If the news of Firesheep–a simple Firefox extension that allows anyone to hijack social networking or webmail sessions over unprotected WiFi networks–has you worried, a free tool to protect you from Firesheep and its ilk released today by the Electronic Frontier Foundation is for you.
Many websites use HTTPS to secure their communications with their visitors. The protocol encrypts both requests from a browser to a website and the pages displayed from the site. “Without HTTPS, your online reading habits and activities are vulnerable to eavesdropping, and your accounts are vulnerable to hijacking,” the organization explained in a statement.
The problem is that HTTPS isn’t implemented consistently. A site may default to insecure HTTP, or mix HTTPS and HTTP references on the same page. EFF’s tool, HTTPS Everywhere, uses carefully crafted rules to switch sites from HTTP to HTTPS.
Today’s release of HTTPS Everywhere, which can be downloaded from the EFF’s website, contains enhancements specifically designed to foil Firesheep-inspired attacks. “It will go a long way towards protecting your Facebook, Twitter, or Hotmail accounts from Firesheep hacks,” asserted EFF Senior Staff Technologist Peter Eckersley. “And, like previous releases, it shields your Google searches from eavesdroppers and safeguards your payments made through PayPal.”
The reason Firesheep is so effective is because many websites fail to use HTTPS, according to EFF Technology Director Chris Palmer. “Our hope is to make it easier for web applications to do the right thing by their users and keep us all safer from identity theft, security threats, viruses, and other bad things that can happen through insecure HTTP,” he said. “Taking a little bit of care to protect your users is a reasonable thing for web application providers to do and is a good thing for users to demand.”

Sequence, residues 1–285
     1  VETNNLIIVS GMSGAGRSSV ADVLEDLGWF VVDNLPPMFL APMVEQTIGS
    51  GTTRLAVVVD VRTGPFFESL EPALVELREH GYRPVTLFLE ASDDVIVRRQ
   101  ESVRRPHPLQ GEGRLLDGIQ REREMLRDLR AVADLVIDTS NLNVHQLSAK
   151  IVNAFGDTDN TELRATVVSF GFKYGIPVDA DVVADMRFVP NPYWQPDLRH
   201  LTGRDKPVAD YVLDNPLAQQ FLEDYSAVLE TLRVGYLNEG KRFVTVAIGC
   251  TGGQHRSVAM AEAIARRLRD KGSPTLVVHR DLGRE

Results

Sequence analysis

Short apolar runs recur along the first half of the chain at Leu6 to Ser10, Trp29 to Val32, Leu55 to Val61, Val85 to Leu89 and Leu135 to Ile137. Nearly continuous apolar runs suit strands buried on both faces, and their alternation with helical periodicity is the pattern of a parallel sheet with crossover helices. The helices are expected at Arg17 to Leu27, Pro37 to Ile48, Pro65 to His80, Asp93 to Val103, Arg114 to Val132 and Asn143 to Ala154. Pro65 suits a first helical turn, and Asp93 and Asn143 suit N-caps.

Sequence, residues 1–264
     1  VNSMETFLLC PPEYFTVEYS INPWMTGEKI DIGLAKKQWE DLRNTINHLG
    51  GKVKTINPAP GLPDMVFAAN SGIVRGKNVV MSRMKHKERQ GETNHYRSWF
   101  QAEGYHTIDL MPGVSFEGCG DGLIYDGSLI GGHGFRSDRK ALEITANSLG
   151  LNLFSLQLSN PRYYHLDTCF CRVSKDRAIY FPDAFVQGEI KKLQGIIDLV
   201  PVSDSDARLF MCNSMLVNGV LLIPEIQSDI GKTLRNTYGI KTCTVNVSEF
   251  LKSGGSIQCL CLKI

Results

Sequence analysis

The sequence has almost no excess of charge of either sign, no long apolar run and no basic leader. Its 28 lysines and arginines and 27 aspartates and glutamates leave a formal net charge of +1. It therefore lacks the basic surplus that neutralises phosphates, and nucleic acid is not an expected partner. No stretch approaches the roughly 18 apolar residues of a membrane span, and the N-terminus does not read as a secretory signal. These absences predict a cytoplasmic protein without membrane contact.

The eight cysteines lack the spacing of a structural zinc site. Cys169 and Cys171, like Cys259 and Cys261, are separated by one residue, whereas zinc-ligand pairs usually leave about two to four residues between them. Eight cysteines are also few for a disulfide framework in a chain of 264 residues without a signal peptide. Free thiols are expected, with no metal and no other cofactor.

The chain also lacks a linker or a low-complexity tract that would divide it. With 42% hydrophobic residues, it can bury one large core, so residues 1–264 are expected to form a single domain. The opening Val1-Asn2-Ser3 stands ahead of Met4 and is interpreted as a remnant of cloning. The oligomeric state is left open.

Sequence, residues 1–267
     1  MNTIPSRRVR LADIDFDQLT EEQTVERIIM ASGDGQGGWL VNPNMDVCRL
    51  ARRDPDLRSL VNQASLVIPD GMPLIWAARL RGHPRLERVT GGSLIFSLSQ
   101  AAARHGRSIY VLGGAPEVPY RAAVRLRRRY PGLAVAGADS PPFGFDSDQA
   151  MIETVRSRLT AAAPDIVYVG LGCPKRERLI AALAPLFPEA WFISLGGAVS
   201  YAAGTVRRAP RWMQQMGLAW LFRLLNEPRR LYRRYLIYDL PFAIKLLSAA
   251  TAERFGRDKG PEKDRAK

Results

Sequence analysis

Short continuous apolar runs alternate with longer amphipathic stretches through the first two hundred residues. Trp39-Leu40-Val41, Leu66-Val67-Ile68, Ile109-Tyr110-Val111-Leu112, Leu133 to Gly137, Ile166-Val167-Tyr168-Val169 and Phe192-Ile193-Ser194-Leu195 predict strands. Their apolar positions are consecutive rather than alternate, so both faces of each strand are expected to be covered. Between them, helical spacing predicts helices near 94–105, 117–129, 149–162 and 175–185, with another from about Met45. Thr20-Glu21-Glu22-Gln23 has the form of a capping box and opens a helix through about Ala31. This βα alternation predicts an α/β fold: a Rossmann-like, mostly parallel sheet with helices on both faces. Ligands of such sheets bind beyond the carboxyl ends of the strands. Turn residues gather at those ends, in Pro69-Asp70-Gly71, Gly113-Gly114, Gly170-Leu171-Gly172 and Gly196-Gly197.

Firesheep appeared at the end of last month. It was created by a Seattle-based software developer who said he created the Firefox extension to demonstrate the security risks associated with session hijacking. Twenty-six online services are targeted by the software, including Amazon, Facebook, Google, Twitter, Windows Live and Yahoo.
The mischievous software can “sniff” traffic on unprotected WiFi networks for communication between computers on the network and targeted sites. When it discovers such communication, it attempts to steal information stored in “cookies” on a computer. That information can include a user’s name and session ID. With that information, it’s possible to gain unauthorized access to an account and perform tasks such as sending email. Since passwords usually aren’t included in cookies, it’s unlikely that Firesheep could be used for more nefarious purposes such as performing credit card transactions.
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